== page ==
Timothy at that time was only 9 years old. His date of birth in September 36 AD is known from the date when Paul "circumcised" him, that is gave him his Bar Mitzvah at the age of 12 in September 48 AD (Acts 16:3, the date shown by the concealed chronology). Timothy is said to have been "the son of a Jewish woman who was a believer", that is Salome who became the "Sarah" to Gentiles represented by the boy Timothy. "But his father was a Greek" refers to Agrippa II as his adoptive father, to whom his real father had surrendered him. Agrippa II, educated in Rome, was hellenised to the point of always speaking Greek.
The account of the adoption ceremony of Timothy in December 45 AD is given in Acts 14, in a story of strange events in the city of Lystra in east Asia Minor. On that occasion, pagan practices involving bulls and garlands of flowers included hailing Barnabas as the god Zeus and Paul as Hermes. Paul protested and preached a more moderate message, rejecting pagan syncretism, but still speaking of a universal God, not a narrowly Jewish God (Acts 14:8-18).
The paganised setting is accounted for by Josephus' note that it was in this generation that some members of the Herod family "abandoned from birth the observance of the ways of the Jewish land and ranged themselves with the Greek tradition" (Antiquities 18, 141). Educated in Rome, they became fully hellenised, renouncing a Jewish identity. An intermediate course for some was to become Christian. Paul, as a teacher in the order of Benjamin dedicated to educating Herod princes, had been a tutor of Agrippa II and became a tutor of Timothy, his "child". Thus his intellectual influence, expressed through his knowledge of Platonic philosophy (Acts 24:25), was a major factor in the change of commitment.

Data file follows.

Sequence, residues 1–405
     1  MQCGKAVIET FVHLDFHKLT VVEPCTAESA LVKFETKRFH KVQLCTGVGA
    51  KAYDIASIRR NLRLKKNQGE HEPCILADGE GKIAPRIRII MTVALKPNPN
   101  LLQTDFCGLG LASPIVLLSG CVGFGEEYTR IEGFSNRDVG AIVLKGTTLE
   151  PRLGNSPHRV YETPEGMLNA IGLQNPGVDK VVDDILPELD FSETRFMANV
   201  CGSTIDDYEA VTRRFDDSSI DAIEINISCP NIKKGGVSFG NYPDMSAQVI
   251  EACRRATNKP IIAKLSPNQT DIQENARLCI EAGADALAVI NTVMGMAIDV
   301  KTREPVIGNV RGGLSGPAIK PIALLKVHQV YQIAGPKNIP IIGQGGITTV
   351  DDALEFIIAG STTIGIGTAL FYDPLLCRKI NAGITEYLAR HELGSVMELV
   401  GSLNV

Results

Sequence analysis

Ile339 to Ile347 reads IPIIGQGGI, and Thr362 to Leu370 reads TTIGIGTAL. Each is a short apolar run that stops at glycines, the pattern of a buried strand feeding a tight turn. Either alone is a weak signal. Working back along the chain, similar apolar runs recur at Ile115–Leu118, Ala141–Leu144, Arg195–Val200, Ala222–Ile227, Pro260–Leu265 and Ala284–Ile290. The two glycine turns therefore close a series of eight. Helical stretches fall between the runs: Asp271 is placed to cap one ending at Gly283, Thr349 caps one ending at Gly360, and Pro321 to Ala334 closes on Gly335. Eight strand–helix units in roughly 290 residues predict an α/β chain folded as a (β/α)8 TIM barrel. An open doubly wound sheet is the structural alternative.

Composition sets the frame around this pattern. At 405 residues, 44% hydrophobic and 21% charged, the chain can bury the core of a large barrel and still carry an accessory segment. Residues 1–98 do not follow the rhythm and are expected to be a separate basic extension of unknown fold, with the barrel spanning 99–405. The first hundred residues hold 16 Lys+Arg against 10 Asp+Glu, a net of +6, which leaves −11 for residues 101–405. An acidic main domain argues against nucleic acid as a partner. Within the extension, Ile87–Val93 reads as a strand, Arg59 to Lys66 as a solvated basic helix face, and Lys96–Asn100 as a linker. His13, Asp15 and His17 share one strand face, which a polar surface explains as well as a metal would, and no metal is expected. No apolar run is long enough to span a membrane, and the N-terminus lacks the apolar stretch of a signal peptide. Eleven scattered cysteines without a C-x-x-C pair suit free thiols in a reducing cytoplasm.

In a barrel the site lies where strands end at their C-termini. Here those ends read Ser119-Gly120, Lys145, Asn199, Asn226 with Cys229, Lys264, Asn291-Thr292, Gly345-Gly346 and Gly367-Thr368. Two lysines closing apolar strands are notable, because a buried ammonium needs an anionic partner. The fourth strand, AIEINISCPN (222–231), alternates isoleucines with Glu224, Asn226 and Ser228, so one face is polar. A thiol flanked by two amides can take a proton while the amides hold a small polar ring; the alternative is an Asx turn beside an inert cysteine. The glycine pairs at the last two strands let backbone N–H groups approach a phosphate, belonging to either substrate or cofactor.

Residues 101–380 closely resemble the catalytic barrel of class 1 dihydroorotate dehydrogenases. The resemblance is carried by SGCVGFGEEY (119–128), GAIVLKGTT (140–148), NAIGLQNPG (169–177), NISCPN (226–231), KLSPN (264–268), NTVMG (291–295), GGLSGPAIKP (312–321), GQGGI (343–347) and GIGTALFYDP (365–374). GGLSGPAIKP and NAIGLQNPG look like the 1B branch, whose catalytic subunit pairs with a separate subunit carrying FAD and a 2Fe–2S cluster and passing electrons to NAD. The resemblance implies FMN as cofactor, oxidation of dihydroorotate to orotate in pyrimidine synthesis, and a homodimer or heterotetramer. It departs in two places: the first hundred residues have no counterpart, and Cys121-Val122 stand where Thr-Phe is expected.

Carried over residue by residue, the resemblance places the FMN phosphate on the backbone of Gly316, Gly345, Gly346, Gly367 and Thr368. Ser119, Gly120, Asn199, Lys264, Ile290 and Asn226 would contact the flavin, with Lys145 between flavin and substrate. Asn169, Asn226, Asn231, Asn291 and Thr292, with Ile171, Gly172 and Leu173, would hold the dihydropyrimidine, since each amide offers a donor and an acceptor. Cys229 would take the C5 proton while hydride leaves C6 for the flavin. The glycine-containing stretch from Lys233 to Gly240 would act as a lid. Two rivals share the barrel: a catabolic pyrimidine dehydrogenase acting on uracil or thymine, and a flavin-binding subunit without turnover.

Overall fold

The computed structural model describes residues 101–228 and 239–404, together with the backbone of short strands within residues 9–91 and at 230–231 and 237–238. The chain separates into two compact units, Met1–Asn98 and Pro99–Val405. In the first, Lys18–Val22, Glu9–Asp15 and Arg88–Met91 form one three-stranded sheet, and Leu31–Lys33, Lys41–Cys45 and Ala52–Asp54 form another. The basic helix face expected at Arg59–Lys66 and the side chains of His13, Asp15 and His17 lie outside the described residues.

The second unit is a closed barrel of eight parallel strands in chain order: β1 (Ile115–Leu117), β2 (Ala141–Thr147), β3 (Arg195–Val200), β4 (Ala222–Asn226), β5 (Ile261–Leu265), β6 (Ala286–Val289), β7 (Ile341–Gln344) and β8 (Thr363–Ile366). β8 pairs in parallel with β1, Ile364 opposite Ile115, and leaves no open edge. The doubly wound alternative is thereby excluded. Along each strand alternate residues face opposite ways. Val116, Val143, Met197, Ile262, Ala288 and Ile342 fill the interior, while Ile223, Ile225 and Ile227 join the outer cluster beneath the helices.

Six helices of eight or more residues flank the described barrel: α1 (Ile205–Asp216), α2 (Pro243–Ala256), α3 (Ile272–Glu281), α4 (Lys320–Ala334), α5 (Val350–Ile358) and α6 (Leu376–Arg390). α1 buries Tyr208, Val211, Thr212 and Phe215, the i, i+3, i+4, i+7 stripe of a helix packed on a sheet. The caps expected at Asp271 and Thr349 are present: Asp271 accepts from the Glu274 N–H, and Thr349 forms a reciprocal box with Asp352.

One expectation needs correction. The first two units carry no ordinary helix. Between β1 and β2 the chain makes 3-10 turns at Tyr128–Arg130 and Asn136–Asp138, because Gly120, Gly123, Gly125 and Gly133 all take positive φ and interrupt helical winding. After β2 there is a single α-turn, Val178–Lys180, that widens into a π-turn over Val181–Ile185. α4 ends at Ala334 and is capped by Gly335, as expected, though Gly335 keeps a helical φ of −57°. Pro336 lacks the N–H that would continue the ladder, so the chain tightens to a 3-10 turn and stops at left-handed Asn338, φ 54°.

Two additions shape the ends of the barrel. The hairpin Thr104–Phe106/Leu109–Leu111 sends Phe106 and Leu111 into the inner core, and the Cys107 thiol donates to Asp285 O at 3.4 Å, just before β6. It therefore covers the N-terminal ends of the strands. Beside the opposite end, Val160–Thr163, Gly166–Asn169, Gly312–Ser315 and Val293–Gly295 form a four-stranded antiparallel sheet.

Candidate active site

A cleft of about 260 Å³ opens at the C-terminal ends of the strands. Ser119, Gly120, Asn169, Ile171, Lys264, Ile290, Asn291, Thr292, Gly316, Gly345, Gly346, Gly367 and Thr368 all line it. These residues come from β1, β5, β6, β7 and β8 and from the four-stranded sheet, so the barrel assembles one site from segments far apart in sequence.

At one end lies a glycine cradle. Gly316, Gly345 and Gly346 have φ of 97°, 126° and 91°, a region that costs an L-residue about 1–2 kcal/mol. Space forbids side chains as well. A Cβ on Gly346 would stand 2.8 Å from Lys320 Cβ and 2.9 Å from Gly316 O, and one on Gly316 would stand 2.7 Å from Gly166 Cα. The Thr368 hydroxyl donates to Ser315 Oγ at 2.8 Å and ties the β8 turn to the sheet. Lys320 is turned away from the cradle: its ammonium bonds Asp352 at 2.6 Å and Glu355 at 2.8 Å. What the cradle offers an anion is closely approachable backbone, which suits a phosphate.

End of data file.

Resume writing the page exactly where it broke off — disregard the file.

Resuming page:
Paul at the time of writing 1 Timothy in late 57 AD had urged Timothy to stay in Ephesus because, at the age of 21, Timothy had been appointed the Herodian superior in that city. Agrippa II himself, although always preferring to live outside Jerusalem, had to make it his capital, so his deputy and crown prince resided in Ephesus which by that time had become the major city of the western Diaspora mission. Timothy was Paul's social superior, which was why Paul associated him with himself in some of his letters.
In a note at the end of the Epistle to Hebrews the writer, who was not Paul, gives the news that "our brother Timothy has been released" (Hebrews 13:23). That letter, addressed to eastern Essenes and their associated ascetics called Hebrews (Acts 6:1, GPhil II, 51, 29; 52, 22) was written after 63 AD, when persecution of Christians became so intense that they were the victims of Nero in the summer of 64 AD. Timothy would have come to Rome in the winter of 63 AD at Paul's invitation, become involved in Paul's second trial, arrested and released initially because of his Herodian political influence. There is an indication in the pesher of Revelation 16:6 that he was put to death by Nero in AD 65.
Return to Biographies|